The U.S. District Court for the Southern District of New York celebrated its 225th anniversary earlier this month, with the festivities documented in a just-released video from the U.S. Courts. Featuring historical artifacts as well as interviews with federal judges and even courtroom artists, the video provides a quick overview of the S.D.N.Y.'s important place in judicial history.
The Southern District of New York was the first new federal district court to be established following the passage of the Judiciary Act of 1789. Its historic first session, on Nov. 3 of that year, earned the S.D.N.Y. the nickname "the Mother Court." The name has endured, as the S.D.N.Y. continues to enjoy a position of influence among federal courts. It has served as the setting for many major trials throughout our nation's history, and has most recently emerged as a pioneer in electronic discovery practice, thanks to Judge Shira Scheindlin in the Zubulake cases.
To learn more about this influential federal court, check out the recent American Bar Association publication The Mother Court: Tales of Cases that Mattered in America's Greatest Trial Court (KF8755.N9 Z57 2014). The book chronicles some of the most well-known cases tackled by the court, including the Ulysses obscenity trial, the espionage case against Ethel and Julius Rosenberg, and numerous Mafia convictions. Author James D. Zirin, a former U.S. Attorney in the S.D.N.Y., provides both a short history of the court and a more thorough personal recollection of the cases with which he was directly involved. Because Zirin's former World Trade Center office was destroyed in the terrorist attacks of September 11, 2001, the personal anecdotes were assembled from memory – a particularly impressive feat for a lifetime of law practice before the court.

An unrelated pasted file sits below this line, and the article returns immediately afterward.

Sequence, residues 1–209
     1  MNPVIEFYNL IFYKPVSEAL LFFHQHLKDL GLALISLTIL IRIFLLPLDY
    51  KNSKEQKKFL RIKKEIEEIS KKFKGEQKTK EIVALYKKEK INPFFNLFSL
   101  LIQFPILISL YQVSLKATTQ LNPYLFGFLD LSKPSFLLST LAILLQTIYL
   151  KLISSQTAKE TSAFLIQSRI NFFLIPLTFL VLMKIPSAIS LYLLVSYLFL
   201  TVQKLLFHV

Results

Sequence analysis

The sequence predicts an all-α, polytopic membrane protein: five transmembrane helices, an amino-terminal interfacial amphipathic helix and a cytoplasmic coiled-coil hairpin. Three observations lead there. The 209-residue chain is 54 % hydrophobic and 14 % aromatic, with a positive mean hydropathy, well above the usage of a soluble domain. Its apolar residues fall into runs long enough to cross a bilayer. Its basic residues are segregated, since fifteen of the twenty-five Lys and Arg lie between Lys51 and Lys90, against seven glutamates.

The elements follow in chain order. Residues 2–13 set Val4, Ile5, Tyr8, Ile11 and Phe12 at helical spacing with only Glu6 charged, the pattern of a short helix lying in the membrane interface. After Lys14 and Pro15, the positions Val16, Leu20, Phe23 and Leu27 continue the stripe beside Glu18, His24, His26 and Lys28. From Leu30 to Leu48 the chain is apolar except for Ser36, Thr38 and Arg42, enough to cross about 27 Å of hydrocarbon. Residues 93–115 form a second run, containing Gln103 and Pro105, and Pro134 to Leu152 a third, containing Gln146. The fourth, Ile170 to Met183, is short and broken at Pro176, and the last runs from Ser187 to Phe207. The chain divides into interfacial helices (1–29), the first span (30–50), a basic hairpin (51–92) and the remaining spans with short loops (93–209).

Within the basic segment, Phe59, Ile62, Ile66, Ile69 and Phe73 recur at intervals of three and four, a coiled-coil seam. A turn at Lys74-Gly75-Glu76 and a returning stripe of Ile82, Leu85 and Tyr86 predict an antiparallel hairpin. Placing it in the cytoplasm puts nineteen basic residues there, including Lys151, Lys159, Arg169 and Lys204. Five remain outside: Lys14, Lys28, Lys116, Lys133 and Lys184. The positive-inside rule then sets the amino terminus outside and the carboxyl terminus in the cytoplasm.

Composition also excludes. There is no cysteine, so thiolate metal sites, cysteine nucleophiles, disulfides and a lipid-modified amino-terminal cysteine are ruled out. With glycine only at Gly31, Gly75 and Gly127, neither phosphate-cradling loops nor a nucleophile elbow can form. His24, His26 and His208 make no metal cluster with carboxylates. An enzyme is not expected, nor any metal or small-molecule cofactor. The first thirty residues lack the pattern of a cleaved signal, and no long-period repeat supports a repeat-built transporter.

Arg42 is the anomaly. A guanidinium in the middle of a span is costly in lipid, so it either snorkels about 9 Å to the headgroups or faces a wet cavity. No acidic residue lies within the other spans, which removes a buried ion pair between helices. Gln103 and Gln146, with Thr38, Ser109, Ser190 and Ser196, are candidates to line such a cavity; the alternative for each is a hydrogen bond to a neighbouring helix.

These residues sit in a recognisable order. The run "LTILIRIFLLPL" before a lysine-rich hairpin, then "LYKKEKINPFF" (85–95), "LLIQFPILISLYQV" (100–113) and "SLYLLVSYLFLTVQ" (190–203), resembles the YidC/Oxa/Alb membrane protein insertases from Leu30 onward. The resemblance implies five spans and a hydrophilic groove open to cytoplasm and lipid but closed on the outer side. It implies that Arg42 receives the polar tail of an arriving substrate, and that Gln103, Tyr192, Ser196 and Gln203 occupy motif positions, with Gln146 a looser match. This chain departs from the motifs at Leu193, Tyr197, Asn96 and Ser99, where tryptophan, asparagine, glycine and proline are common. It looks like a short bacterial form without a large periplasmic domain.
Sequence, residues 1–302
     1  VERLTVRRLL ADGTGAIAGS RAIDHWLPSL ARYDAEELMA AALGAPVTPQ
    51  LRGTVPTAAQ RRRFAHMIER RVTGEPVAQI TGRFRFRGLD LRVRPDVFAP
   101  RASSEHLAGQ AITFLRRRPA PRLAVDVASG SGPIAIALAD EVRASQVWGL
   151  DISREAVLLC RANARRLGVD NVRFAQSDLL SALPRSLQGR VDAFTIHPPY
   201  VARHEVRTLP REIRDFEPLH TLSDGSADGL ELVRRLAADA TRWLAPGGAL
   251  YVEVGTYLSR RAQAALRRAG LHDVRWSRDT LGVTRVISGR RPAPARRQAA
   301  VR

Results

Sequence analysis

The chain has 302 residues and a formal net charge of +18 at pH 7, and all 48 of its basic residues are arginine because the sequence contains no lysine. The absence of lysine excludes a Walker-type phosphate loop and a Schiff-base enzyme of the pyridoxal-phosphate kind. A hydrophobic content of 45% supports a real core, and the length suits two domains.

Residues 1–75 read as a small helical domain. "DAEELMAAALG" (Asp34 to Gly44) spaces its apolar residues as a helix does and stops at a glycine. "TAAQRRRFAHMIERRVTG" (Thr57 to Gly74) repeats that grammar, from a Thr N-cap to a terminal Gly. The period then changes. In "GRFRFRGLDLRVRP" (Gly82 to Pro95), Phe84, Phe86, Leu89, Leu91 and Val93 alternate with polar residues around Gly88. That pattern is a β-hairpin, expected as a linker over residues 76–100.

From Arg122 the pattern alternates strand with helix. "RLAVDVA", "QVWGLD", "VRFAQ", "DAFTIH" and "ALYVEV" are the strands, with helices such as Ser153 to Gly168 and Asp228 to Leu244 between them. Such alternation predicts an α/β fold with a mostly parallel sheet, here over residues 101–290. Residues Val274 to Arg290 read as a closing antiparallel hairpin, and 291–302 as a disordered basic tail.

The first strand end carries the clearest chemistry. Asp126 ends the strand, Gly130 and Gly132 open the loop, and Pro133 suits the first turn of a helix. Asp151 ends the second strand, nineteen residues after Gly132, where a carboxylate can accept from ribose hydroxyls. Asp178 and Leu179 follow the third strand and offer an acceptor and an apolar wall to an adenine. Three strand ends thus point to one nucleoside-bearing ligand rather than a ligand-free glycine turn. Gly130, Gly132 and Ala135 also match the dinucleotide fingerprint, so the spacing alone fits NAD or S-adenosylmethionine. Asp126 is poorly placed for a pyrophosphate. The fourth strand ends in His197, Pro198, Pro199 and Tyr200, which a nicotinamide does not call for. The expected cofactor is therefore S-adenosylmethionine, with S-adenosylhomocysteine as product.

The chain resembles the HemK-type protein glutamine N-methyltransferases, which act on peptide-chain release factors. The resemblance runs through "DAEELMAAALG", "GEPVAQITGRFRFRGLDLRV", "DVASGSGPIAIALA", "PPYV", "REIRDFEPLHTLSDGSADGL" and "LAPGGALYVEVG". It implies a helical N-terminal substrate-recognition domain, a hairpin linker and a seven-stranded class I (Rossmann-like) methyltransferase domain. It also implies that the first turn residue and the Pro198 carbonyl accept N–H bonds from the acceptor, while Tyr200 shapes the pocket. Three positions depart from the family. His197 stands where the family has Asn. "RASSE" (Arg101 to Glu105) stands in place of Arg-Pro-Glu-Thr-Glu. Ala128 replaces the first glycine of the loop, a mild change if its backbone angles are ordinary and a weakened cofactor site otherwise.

Additional publications on the history of S.D.N.Y. have been digitized by the court. For assistance with researching the history of federal courts, be sure to Ask a Librarian.